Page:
The Care and Feeding of Guy Foster—Part One
The care and feeding of any family of kids is an important undertaking. Every growing body needs lots of whole foods; good pure water; adequate exercise and sleep. Every body requires large amounts of hugs and laughter to mature properly. That’s what people have in common with one another.
I have had a lifelong interest in food, nutrition and all things pertaining to health so it was natural for me to gravitate toward healthy choices as I prepared meals for my growing family.
When we welcomed a certain charming three year old with multiple health issues into our family, it became all the more imperative to pay attention to what we all ate and drank and how we managed the care of our health.
The new kid on our block, Guy Foster, had four caretakers in three months before his arrival. Prior to that, he had lived in two hospitals and he endured multiple orthopedic, exploratory, corrective and brain surgical procedures. To be honest, Guy was an adorable, busy blob of humanity whose needs were monumental.
The most pressing issue was a shunt that keeps spinal fluid from collecting in his skull. There were many other challenges, too, but the most persistent was the dreadful odor that surrounded Guy’s body. No amount of scrubbing, no brand of soap, and no sort of deodorant offered any relief. It was a major concern.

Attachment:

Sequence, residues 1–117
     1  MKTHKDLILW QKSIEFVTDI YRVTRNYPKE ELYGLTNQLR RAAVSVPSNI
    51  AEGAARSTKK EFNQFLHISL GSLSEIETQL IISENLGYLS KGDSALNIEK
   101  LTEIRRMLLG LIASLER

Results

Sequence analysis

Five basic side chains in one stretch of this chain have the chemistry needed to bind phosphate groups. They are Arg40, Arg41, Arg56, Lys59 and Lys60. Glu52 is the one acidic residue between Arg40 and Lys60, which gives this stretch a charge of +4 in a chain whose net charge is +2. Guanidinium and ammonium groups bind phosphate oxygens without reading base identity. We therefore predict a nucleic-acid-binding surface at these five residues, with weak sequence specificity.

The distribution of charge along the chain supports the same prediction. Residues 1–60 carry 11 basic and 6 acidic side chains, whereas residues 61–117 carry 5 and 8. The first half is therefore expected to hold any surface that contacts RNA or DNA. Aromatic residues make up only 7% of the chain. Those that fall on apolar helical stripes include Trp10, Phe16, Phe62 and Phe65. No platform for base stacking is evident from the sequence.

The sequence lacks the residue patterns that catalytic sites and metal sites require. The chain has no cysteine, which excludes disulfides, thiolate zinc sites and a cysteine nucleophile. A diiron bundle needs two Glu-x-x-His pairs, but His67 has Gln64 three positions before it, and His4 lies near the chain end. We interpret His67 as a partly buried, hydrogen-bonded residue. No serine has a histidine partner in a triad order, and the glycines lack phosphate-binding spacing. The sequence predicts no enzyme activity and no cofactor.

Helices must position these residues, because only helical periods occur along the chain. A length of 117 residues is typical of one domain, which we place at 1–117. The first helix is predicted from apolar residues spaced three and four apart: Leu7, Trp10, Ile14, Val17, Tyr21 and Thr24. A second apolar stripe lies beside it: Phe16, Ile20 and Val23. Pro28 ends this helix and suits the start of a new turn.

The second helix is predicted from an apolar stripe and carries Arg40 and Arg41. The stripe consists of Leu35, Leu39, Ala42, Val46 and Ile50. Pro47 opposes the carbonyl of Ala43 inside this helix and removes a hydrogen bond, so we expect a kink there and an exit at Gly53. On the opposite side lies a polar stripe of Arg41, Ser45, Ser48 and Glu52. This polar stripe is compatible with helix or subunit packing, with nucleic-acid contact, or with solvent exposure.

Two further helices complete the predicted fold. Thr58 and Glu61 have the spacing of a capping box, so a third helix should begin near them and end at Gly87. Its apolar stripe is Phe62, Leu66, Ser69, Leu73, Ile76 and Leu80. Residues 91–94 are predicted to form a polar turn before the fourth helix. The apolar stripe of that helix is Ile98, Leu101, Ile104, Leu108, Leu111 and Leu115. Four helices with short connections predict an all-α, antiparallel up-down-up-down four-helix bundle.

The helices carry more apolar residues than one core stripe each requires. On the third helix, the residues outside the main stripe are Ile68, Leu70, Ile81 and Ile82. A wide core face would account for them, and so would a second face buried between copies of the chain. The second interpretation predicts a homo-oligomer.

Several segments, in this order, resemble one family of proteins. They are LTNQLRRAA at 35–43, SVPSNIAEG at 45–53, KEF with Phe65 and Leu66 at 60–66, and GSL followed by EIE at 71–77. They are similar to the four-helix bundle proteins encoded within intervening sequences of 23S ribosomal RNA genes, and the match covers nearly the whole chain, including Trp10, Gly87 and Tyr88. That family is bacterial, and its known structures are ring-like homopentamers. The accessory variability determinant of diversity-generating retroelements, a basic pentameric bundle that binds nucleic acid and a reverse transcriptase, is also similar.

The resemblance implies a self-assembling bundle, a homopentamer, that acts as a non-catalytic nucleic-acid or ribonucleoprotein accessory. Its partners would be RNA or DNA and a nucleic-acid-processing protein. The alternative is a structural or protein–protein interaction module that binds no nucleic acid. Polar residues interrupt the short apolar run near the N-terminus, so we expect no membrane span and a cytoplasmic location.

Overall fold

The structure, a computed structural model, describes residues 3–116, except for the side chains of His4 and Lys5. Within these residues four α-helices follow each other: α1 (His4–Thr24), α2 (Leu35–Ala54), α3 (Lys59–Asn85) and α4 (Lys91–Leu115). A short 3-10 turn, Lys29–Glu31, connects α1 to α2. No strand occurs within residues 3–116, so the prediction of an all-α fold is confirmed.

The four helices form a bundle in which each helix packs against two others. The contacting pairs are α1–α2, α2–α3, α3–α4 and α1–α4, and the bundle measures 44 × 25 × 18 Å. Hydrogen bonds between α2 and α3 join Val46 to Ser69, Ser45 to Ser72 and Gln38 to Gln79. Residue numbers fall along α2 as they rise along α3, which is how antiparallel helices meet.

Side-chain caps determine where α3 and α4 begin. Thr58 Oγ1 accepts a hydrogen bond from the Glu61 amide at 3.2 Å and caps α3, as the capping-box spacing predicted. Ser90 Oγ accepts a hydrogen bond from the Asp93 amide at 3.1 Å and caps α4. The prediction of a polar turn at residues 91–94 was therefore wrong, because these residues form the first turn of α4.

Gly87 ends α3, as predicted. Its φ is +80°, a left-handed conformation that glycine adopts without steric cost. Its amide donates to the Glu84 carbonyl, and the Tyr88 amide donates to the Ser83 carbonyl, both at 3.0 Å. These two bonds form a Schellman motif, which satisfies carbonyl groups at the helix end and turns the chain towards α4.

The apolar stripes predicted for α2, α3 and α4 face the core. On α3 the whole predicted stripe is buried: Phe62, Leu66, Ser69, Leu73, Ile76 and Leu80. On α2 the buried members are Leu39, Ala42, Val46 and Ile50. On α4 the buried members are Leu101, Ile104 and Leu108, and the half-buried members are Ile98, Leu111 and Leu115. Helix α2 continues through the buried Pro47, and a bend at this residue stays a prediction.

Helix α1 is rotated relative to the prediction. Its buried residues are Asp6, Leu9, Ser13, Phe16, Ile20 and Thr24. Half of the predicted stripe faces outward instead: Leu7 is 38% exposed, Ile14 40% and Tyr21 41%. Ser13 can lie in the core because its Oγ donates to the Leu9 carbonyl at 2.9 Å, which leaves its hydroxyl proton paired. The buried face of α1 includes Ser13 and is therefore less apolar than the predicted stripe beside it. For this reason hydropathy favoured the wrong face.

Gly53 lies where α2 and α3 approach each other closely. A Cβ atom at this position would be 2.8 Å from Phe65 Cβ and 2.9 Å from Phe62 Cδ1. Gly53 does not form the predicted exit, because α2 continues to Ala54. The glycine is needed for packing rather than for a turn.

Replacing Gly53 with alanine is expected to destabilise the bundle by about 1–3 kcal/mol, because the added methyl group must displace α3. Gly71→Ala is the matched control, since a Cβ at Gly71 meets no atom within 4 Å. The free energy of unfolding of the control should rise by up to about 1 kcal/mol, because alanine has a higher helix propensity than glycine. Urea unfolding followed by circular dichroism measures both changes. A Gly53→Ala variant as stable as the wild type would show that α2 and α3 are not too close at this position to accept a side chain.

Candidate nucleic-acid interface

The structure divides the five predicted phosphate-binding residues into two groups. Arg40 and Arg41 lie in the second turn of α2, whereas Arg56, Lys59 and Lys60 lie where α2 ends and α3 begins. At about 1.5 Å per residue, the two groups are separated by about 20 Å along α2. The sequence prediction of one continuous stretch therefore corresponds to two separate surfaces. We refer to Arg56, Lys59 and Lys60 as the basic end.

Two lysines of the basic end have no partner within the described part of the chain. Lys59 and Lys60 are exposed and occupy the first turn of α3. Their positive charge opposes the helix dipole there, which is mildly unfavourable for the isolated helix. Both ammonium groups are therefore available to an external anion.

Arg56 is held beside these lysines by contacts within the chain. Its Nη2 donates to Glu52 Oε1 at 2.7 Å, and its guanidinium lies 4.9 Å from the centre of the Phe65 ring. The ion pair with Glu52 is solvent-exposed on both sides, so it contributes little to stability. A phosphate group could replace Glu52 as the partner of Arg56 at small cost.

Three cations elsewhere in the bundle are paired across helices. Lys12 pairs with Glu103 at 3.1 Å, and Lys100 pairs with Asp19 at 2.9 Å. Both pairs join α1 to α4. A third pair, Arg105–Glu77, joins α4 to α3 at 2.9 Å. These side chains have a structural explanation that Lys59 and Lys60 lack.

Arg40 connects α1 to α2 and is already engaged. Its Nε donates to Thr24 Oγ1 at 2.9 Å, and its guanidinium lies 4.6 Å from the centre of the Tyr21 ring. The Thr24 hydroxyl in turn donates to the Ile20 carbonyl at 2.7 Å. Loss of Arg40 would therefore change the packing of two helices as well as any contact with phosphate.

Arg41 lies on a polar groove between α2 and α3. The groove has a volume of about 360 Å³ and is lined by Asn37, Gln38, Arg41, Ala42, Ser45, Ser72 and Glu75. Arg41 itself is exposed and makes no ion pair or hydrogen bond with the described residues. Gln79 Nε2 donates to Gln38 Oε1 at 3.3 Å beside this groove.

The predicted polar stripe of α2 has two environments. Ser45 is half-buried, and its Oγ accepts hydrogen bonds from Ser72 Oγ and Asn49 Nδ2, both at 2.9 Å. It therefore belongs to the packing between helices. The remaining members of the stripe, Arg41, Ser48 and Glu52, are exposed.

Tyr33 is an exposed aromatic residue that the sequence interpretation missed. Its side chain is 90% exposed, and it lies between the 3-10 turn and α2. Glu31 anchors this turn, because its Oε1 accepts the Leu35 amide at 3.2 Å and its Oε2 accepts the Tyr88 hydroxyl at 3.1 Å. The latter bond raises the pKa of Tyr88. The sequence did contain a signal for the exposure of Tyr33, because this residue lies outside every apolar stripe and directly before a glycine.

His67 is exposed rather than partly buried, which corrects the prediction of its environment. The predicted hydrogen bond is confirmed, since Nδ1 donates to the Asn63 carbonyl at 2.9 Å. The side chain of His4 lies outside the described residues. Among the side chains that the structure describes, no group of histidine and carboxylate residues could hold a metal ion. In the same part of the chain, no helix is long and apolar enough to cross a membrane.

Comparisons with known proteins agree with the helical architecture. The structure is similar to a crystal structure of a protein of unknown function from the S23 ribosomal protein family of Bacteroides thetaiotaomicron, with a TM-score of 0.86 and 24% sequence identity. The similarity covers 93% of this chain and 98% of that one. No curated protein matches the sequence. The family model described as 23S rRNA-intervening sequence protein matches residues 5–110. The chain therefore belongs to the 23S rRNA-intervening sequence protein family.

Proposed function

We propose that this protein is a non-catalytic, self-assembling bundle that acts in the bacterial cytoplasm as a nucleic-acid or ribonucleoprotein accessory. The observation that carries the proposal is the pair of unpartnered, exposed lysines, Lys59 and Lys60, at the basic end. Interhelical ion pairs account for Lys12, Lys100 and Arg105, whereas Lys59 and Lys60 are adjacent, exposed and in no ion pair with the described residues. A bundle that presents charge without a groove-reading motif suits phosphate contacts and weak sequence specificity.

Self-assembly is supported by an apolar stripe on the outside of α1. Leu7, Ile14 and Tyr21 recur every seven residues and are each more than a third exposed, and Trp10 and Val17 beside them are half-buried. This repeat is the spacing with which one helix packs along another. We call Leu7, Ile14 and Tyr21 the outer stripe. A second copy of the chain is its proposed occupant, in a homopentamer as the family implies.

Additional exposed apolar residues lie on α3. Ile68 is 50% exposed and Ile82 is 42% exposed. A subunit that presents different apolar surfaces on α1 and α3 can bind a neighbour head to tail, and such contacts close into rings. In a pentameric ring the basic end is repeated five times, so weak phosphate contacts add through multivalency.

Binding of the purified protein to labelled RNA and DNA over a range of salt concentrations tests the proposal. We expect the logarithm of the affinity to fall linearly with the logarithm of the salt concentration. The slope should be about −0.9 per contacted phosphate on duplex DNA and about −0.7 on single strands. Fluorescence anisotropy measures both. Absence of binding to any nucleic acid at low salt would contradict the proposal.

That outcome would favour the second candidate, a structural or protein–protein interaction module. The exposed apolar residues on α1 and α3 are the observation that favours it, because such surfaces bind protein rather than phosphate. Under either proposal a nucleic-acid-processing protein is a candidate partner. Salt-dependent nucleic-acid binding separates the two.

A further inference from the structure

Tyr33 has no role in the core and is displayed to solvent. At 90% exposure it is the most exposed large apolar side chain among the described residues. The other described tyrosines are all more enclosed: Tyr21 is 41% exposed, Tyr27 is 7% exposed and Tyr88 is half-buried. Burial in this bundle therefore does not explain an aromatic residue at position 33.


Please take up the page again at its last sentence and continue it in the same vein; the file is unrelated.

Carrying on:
Guy’s health had its ups and downs. When Guy was 29 he underwent a surgery that had a bad outcome. That’s when it was decided he should live in a nursing home. Only those who have gone through that process can appreciate the pain of that time in our lives.
During Guy’s tenure in the nursing home we discovered a new kind of water. It had more minerals and oxygen so we thought it would be good to get Guy to drink that. He even had a spray bottle for topical use.
We also acquired a magnetic mattress and pillow, along with a Far Infra Red comforter for the hospital bed on which he languished most of his days AND nights. We slipped magnetic insoles into his shoes, much to the chagrin of his orthotics and prosthetics specialists. They just did not fathom the concept.
The dietary people were unhappy, too. They did not appreciate or value the purpose behind the juice or “green stuff”-barley grass-we provided to accompany Guy’s meals and the nursing staff complained bitterly, loudly, and often that the whole foods supplements we brought for Guy had not been sanctioned nor labeled by the pharmacy department.
As time passed, we opted not to use any medications in Guy’s treatment. The medical staff at the nursing home became ENRAGED over that decision but as Guy’s legal guardian I had the right to make that choice. It was in Guy’s best interest, after all.
Over time, the toxicity of the medications eventually left Guy’s battered body, leaving him more alert, more active. The many surgical scars that covered much of his body had faded into oblivion. Best of all, even his breath was sweet! He was no longer plagued by the issue of odor!
Thank You Connie for your guest blog post!